It would be easy for people to start feeling good about the British economy. Growth has recovered, and we’ve just about clawed our way back to the level of output we hit before the financial crash of 2008.
Employment is rising, inflation is under control and wages are beginning to rise. The shops are busier, and people feel better about their prospects than they have done for years.
There’s just one problem – and it is a big one. The government’s finances are still in a shocking state.
This month we learned that the deficit figures for April were terrible, with the government still borrowing over £11bn for the month, almost £2bn more than a year earlier, even though the economy is meant to be growing strongly.
At the top of the business cycle (which is what this almost certainly is), the government is meant to be reducing its borrowing, not increasing it.
Within that total, there was a particularly worrying figure. Income tax receipts were down by 6.8% on last year. We only have one year’s figures to go on so far, but that may be a signal of trouble ahead. Income tax, along with VAT, is the core of the tax system.
It was certainly a bad month for income tax receipts. The Office for Budget Responsibility explained that away by saying there had been a big boost in April 2013, when people moved income into the new tax year to take advantage of the top rate coming down from 50% to 45%. Income taxes went up by 6.7% in the same month last year, so all we are seeing is that one-off factor coming out of the annual figures.
That’s fair enough. But it’s not quite the whole story. It still meant that income tax receipts were down by 0.1%. That is not what should be happening in a strongly growing economy, and one where other taxes were generating plenty of extra cash for the government.
VAT, for example, was up by 4.1% year-on-year and stamp duty up by a whopping 29%, thanks to higher rates and the strength of the housing market. Corporation tax was up 9%.
Despite all the flak about tax-dodging multi-nationals, some firms are clearly paying more. Against that backdrop, income tax was still down. What that suggests is that the tax is getting harder to collect.
Three reasons for the low tax
First, self-employment has risen dramatically. Since the start of the recession, 330,000 extra self-employed jobs have been created, while the number of employees has dropped by 201,000. In 2013, 302,000 self-employed jobs were created, compared with 330,000 employed jobs, says The Guardian. People are working for themselves on a scale they never did in the past.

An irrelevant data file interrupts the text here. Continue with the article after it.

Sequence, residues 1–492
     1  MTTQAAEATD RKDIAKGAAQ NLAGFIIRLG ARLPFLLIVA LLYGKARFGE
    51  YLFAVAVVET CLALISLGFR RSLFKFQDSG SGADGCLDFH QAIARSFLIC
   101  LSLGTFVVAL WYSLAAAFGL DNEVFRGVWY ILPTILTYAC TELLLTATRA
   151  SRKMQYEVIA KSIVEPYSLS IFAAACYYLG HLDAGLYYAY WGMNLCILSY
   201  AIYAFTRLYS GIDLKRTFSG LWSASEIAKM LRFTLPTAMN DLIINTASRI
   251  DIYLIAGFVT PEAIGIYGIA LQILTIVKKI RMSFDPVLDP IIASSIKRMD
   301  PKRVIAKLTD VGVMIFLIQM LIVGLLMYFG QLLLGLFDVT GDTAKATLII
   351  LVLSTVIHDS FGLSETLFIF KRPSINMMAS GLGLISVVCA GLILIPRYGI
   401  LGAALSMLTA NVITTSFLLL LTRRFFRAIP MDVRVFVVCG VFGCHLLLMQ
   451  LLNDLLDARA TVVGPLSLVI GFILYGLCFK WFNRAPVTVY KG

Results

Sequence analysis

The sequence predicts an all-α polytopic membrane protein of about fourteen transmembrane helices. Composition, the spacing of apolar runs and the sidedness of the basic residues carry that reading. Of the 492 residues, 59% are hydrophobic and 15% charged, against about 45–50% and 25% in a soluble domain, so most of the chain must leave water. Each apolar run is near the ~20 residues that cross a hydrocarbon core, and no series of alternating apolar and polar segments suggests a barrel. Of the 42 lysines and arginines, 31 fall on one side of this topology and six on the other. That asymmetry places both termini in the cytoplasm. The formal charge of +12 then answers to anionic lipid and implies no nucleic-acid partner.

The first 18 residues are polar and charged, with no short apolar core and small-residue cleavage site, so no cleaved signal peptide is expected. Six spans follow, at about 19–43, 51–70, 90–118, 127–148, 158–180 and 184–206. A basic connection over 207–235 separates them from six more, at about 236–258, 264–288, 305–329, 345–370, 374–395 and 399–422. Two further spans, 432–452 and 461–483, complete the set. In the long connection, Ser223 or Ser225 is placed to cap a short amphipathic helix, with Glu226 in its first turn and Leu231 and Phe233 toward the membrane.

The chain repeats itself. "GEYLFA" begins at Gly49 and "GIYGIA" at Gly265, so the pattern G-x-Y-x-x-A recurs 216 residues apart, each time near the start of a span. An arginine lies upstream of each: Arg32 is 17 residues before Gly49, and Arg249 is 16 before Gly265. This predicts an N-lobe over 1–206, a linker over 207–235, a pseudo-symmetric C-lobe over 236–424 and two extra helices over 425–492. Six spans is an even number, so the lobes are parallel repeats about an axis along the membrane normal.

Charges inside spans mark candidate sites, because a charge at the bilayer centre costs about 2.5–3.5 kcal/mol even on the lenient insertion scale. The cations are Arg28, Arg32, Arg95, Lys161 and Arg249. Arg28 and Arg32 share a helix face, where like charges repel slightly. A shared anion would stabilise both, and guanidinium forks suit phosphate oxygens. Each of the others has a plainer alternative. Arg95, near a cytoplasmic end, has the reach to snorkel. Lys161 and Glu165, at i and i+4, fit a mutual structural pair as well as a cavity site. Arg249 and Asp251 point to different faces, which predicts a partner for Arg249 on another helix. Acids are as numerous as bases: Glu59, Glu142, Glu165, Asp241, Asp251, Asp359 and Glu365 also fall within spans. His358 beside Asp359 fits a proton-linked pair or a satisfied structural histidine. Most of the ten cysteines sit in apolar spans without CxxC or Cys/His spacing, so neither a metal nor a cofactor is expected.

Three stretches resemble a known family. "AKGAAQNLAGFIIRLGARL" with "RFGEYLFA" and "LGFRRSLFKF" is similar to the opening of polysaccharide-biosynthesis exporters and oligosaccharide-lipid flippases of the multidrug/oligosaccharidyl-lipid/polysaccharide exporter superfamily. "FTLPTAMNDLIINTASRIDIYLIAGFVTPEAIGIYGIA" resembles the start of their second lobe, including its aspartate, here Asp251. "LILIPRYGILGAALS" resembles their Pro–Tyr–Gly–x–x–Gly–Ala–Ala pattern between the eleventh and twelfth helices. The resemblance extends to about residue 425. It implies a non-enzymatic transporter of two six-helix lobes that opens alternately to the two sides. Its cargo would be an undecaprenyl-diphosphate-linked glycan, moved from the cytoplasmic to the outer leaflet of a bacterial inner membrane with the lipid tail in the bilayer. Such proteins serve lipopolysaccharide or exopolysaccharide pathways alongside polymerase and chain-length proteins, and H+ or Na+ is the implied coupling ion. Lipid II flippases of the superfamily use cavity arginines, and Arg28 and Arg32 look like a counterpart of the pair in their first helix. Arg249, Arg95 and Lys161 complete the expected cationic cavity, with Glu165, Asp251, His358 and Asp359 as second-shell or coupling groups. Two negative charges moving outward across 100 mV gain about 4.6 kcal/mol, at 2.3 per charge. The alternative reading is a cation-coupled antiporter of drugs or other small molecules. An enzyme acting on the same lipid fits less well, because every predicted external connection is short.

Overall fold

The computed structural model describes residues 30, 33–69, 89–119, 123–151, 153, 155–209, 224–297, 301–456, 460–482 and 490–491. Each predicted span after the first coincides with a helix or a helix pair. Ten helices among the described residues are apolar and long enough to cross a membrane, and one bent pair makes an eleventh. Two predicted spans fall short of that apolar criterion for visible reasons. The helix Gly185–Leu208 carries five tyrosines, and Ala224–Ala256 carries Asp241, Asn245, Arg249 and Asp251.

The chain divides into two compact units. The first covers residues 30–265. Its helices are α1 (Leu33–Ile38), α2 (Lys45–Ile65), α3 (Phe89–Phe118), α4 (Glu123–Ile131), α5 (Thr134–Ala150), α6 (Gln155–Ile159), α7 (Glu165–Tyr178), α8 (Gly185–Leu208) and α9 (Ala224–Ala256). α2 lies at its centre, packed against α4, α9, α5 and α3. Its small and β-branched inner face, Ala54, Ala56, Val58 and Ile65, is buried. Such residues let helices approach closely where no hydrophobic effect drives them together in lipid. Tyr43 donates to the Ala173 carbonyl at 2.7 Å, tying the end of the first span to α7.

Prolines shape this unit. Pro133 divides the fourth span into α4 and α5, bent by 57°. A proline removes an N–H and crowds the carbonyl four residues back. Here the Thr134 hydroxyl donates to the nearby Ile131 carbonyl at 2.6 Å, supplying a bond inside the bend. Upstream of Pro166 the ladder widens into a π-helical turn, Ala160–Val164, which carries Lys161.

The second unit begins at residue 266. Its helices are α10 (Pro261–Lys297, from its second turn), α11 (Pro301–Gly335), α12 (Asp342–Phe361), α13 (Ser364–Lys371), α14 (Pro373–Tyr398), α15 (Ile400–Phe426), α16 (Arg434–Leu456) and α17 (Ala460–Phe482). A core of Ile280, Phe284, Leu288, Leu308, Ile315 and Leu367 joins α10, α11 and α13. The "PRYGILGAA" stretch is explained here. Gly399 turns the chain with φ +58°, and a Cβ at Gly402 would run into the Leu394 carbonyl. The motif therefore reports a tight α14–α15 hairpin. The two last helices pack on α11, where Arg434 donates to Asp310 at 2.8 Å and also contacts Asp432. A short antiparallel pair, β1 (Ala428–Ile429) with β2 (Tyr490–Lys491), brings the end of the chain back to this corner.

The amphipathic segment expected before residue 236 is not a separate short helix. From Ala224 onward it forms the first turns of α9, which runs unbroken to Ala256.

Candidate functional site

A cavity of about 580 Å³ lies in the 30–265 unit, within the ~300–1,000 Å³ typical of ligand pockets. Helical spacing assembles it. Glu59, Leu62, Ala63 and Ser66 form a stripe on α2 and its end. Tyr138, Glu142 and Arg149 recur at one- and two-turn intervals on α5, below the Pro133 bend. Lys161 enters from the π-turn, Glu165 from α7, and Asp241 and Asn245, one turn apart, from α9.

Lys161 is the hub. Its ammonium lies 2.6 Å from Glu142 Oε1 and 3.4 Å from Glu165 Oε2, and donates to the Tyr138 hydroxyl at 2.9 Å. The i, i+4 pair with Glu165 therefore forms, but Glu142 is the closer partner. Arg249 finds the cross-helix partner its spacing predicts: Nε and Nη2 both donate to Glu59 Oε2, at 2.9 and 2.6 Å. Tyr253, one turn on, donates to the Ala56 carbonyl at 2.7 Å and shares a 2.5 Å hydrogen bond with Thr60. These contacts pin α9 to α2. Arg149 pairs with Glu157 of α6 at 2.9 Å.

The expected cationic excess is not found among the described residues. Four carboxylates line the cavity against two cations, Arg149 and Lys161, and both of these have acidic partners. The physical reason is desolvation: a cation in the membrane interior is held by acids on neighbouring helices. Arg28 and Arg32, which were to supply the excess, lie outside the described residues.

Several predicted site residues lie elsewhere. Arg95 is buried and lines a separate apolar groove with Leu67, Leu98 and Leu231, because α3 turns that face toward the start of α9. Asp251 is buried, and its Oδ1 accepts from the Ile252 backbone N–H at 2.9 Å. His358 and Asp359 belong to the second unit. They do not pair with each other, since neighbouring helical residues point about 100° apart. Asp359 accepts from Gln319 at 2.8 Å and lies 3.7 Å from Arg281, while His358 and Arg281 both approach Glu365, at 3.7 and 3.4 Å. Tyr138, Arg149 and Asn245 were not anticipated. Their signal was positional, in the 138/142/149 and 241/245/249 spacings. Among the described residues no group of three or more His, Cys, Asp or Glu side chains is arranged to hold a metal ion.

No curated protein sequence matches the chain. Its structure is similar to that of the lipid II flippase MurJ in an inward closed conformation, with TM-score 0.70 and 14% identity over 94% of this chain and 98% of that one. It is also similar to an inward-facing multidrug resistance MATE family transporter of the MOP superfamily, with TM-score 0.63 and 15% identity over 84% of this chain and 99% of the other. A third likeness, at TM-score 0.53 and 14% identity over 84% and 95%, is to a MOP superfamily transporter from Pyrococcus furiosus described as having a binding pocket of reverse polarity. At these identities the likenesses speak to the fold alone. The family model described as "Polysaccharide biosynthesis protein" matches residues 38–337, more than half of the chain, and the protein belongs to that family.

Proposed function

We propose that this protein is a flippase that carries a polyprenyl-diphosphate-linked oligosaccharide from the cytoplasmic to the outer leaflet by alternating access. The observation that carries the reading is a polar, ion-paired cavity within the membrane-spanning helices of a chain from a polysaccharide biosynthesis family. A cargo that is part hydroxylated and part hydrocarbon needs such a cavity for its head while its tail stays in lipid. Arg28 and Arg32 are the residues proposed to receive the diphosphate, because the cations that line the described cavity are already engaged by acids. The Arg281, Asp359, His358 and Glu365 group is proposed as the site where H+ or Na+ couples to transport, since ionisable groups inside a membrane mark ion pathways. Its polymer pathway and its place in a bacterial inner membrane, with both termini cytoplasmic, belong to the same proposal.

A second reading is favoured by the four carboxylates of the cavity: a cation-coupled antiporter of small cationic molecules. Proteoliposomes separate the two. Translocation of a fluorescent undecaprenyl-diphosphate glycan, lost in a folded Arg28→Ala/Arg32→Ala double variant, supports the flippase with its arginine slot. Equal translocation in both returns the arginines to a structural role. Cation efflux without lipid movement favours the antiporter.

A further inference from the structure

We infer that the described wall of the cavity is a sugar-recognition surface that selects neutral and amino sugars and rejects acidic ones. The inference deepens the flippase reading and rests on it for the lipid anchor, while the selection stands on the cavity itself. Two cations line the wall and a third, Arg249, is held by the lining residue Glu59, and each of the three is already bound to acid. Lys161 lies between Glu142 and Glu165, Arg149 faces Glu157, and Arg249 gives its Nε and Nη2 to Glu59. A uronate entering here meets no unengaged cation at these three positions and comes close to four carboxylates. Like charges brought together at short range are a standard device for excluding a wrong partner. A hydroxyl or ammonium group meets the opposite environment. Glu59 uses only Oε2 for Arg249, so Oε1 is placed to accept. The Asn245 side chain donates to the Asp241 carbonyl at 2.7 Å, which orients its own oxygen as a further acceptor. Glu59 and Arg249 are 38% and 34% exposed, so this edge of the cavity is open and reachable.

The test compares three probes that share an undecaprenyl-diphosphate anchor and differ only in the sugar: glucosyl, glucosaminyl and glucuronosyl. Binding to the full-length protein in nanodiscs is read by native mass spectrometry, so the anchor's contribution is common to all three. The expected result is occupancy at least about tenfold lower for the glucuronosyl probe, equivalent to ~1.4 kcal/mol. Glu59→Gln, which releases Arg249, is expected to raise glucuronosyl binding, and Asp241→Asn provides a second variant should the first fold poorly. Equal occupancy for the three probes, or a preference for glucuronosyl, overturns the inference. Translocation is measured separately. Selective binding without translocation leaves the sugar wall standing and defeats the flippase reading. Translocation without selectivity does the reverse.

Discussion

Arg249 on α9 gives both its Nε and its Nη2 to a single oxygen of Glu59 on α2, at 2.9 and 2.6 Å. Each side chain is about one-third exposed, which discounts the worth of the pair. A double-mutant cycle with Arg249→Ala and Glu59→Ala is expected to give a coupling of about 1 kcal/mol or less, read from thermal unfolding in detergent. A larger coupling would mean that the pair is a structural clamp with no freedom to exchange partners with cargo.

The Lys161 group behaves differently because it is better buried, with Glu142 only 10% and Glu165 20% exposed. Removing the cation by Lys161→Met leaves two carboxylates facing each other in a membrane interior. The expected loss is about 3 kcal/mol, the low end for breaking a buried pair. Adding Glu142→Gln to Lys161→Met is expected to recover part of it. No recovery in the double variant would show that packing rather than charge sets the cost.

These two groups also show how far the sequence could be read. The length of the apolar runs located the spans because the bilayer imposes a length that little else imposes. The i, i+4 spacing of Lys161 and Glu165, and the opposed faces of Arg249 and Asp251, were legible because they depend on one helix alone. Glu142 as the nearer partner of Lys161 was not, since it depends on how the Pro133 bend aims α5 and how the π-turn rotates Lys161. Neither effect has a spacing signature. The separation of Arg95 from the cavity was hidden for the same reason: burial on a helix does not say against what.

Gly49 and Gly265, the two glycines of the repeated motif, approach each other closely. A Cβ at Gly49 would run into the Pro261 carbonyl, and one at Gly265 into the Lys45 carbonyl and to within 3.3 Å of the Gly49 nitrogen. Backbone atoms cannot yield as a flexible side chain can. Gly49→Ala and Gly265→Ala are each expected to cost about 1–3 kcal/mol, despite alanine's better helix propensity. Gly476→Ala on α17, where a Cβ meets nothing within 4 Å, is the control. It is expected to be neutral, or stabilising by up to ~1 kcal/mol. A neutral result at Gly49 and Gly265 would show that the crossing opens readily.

You can debate the reasons for that. But one thing is obvious. The self-employed, rather like firms, can play around with their tax bills.
Quite legitimately, they can shift income from one year to another depending on when they bill their clients, or they can turn themselves into companies, or take any of a range of steps to reduce their tax bills. They are a moving target for the tax man – employees are sitting ducks. It is inevitably much harder to get tax out of the self-employed.
Next, it may be that income tax is now too high. The Laffer Curve famously predicts that at a certain point, higher taxes yield lower revenues because people work less, or put more effort into reducing their tax bills. It may well be that the 45% top tax rate is already there.
More importantly, the 40% tax rate has become the norm for many people, because thresholds have not been raised, and so in real terms, the tax kicks in at much lower levels. For most middle-class people 40% is now, in effect, the standard rate. That is very high.
It is quite possible that some people are working less, or taking pay in other forms, because they don’t want to go into the 40% bracket.
You can guarantee that many of the new army of self-employed fall into that category. A freelance web designer who can make £40,000 working four days a week may well decide to take the fifth day off – rather than work and pay 40% tax on the money earned.
Finally, income tax has been pushed up the income scale, with most of it collected from the wealthy rather than the poor. The top 1% of earners now pay 30% of all income tax, compared with 27% last year, and 21% back in 1999. The bottom half of earners now pay only 10% of total income tax receipts, compared with 12% in 1999. That is undoubtedly a lot fairer.
The rich have grown richer, so they should be paying more in income tax. The trouble is, they are also the people who can afford clever accountants to get their bills down. The more the tax system relies on the rich, the harder it will be to collect tax.
For all those reasons, April’s figures may not be a blip. Income tax may be harder to collect in future than it was in the past. True, many of us might be relieved at that. No one likes paying income tax. The problem is that, along with VAT, it is the foundation of the system, and the only genuinely progressive tax.
Other levies will always vary wildly. Income tax should generate steadily increasing revenues. If it starts to go into decline, financing our bloated government is going to become hard to do.